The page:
Another thing about baldrics, you can also hang the baldric on your body and then wrap a belt around your hips, over the baldric. This will help hold the baldric down from flapping about the place, but if you want to remove the sword without taking off the belt (say if you've got money in a pouch on the belt), then all you have to do is pull the baldric over your head and then slide it down under the belt.

Not sure how historically accurate this would be, but it seems like a practical solution to keeping the baldric from swinging around, also to allow easier one-handed drawing if you're holding something else in your off hand...
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Johan Gemvik




Location: Stockholm, Sweden
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PostPosted: Tue 08 Nov, 2011 2:17 pm    Post subject:         Reply with quote

Me wearing my brothers sword and scabard that I made for him. Pretty neat christmas present.



No swinging as we see in a baldrick, this one's like wearing a western revolver holster.

"The Dwarf sees farther than the Giant when he has the giant's shoulder to mount on" -Coleridge
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Pauli Vennervirta





Joined: 12 Mar 2009
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PostPosted: Wed 09 Nov, 2011 11:47 pm    Post subject:         Reply with quote

What was the original function of the "bridge" like in Andrews pictures? Would it be historical just to wrap a belt twice around the scabbard with the belt going through the bridge to get the sword hanging in an angle when worn? I kind of like the bridge as a decorative item.

Does anyone know what kind of decorations were used in the late viking age scabbards, what kind of symbolism?
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Andrew W




Location: Florida, USA
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Posts: 78

PostPosted: Thu 10 Nov, 2011 12:02 am    Post subject:         Reply with quote

From the scabbards found in the UK from the Viking Age (a small sample, mostly from York), there's not much decoration, just simple raised lines like the one I used. One scabbard had sun-ray lines similar to those common in the earlier possibly pre-Christian finds, which the author suggests might have had some kind of sun imagery. There wasn't much to go on.

Source: http://www.amazon.com/Sheaths-Scabbards-Engla...1841710652
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Pauli Vennervirta





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PostPosted: Thu 10 Nov, 2011 1:23 am    Post subject:         Reply with quote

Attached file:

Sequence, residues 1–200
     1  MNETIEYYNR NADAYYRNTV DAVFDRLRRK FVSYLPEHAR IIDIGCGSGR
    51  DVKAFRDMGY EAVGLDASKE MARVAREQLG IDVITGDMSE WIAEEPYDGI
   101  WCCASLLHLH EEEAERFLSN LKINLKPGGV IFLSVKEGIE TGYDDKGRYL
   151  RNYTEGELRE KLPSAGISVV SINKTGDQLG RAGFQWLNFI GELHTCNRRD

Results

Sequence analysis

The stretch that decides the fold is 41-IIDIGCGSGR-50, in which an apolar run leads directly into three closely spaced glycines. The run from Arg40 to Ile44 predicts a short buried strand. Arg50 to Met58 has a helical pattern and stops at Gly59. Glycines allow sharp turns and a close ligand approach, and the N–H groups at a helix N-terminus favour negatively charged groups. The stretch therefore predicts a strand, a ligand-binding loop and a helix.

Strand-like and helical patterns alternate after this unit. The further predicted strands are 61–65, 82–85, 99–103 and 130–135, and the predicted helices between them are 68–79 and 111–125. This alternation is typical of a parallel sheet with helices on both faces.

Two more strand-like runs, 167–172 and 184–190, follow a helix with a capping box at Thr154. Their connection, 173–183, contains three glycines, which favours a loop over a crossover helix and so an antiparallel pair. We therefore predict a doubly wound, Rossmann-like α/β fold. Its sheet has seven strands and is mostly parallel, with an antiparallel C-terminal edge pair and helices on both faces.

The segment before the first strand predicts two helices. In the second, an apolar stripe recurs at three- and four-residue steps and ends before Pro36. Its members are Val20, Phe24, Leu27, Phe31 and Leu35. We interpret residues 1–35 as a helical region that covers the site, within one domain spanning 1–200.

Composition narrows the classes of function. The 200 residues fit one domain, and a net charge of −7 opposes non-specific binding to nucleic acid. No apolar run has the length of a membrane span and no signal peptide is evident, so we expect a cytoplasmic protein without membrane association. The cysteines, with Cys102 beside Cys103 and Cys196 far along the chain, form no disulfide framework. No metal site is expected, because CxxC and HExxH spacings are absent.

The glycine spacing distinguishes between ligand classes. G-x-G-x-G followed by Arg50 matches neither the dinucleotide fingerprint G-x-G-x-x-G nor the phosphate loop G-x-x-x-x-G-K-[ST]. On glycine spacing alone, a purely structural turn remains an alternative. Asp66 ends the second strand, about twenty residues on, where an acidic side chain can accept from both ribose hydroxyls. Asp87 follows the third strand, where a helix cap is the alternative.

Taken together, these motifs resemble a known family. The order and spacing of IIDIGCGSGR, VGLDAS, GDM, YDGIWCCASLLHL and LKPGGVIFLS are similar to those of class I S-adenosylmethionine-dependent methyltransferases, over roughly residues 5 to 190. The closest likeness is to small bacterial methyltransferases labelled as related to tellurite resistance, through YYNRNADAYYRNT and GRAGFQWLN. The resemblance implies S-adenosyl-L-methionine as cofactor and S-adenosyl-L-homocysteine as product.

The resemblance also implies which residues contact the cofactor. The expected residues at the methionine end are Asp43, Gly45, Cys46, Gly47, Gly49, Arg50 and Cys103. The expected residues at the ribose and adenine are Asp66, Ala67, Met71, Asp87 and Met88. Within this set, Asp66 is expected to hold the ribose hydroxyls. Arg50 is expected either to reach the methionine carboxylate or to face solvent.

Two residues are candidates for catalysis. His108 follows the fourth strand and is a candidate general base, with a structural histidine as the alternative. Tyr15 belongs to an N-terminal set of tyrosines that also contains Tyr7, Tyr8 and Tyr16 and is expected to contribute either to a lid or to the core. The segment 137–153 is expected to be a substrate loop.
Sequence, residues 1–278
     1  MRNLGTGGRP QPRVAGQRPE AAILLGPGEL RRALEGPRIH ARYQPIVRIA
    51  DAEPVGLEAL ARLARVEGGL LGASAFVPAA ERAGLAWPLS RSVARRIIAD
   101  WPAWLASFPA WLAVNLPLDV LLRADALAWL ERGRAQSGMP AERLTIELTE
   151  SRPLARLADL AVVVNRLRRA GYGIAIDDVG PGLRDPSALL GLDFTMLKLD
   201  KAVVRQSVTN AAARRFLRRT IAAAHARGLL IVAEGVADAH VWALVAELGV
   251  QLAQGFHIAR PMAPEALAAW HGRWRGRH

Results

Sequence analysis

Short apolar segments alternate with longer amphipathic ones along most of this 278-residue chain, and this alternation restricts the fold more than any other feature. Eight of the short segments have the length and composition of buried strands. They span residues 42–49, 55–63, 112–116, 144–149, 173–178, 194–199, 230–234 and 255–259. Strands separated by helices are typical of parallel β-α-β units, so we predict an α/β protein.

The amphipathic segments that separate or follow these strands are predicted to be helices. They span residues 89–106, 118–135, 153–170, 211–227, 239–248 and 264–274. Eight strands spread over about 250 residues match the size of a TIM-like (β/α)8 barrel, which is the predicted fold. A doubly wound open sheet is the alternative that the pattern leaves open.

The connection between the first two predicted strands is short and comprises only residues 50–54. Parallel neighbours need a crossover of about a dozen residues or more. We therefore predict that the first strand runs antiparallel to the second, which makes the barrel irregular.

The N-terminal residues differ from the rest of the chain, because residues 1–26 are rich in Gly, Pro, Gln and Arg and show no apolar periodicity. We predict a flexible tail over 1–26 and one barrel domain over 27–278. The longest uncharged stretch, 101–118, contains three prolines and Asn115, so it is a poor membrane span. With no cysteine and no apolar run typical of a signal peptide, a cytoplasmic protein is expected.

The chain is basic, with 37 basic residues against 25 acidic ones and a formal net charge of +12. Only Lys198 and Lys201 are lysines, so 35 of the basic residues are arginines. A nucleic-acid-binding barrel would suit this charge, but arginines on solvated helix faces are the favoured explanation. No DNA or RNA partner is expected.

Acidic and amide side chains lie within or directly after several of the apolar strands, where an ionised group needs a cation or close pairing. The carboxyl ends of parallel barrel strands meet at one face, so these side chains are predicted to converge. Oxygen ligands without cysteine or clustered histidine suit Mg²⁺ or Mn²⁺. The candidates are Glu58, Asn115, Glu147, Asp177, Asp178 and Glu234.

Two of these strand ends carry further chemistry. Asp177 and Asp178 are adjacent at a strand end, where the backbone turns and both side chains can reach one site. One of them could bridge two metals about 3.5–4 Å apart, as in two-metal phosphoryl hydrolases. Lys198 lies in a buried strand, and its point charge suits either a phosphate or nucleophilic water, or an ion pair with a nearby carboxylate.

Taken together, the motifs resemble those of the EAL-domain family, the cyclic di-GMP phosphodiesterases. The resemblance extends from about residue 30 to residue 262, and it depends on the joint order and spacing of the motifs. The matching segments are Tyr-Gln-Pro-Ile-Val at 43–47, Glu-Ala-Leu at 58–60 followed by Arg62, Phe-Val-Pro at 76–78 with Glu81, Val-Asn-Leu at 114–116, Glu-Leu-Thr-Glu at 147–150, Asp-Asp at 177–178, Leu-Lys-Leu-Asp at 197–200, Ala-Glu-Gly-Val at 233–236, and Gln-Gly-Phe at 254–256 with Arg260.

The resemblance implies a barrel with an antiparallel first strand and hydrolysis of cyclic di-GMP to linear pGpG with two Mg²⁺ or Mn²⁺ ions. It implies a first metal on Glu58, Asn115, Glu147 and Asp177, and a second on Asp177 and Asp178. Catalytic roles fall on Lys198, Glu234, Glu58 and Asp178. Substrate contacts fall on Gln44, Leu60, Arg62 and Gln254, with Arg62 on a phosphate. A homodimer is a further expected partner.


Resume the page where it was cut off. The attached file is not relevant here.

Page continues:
So the decorated scabbards of high-end reproductions might not be historical? Interesting.

My question conserning the historical way of carrying these swords might be answered in other threads, like this one: http://www.myArmoury.com/talk/viewtopic.php?t=18104 Still, suggestions are wellcome. My sword is a Hanwei-Tinker Norman.
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Matthew Bunker




Location: Somerset UK
Joined: 02 Apr 2009

Posts: 483

PostPosted: Thu 10 Nov, 2011 1:53 am    Post subject:         Reply with quote

Pauli Vennervirta wrote:
What was the original function of the "bridge" like in Andrews pictures? Would it be historical just to wrap a belt twice around the scabbard with the belt going through the bridge to get the sword hanging in an angle when worn? I kind of like the bridge as a decorative item.

Does anyone know what kind of decorations were used in the late viking age scabbards, what kind of symbolism?



Not all early medieval scabbard suspension systems utilised a bridge (or slide) but where they are used, depictions usually show them with the belt or baldric passing through them once. You do see some depictions of belts wrapped twice around the scabbard, but usually without a slide.

Late Roman and MIgration era slides are often beautiful bits of work especially the multiple slides of gold and garnet work found on Frankish and Merovingian scabbards but finds of post 7th century slides are rare (no sign of one on the Sutton Hoo scabbard, nor in the Staffordshire Hoard). However, evidence from surviving scabbard leathers shows that belts were running through slits in the leather covering, presumably through a slide mounted on the wooden core under the leather (or carved into the face of the core itself), and the limited pictorial evidence bears this out. These were presumably made of organic material and undecorated. The very well preserved 10th century scabbard leather from Gloucester retains the legacy mark of such a slider, which was clearly a very thin 'hour glass' shape, with a flat top and bottom. I'm not aware of any evidence to support the re-enactorism that sliders were decorative items mounted on the outside of the scabbard after the 9th century (in North Western Europe. There are, I think, some Russian or Eastern European examples)